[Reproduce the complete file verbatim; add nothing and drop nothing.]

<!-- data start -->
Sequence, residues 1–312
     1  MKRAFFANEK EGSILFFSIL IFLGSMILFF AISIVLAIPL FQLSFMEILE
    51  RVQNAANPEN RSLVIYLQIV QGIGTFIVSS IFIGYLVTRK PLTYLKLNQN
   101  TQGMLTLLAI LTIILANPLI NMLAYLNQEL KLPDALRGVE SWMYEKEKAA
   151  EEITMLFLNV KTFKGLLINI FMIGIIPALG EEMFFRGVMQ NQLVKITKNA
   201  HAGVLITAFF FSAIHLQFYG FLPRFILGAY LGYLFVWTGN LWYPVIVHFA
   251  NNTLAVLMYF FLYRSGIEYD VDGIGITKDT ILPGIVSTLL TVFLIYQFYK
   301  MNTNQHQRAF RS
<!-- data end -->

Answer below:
Sequence, residues 1–312
     1  MKRAFFANEK EGSILFFSIL IFLGSMILFF AISIVLAIPL FQLSFMEILE
    51  RVQNAANPEN RSLVIYLQIV QGIGTFIVSS IFIGYLVTRK PLTYLKLNQN
   101  TQGMLTLLAI LTIILANPLI NMLAYLNQEL KLPDALRGVE SWMYEKEKAA
   151  EEITMLFLNV KTFKGLLINI FMIGIIPALG EEMFFRGVMQ NQLVKITKNA
   201  HAGVLITAFF FSAIHLQFYG FLPRFILGAY LGYLFVWTGN LWYPVIVHFA
   251  NNTLAVLMYF FLYRSGIEYD VDGIGITKDT ILPGIVSTLL TVFLIYQFYK
   301  MNTNQHQRAF RS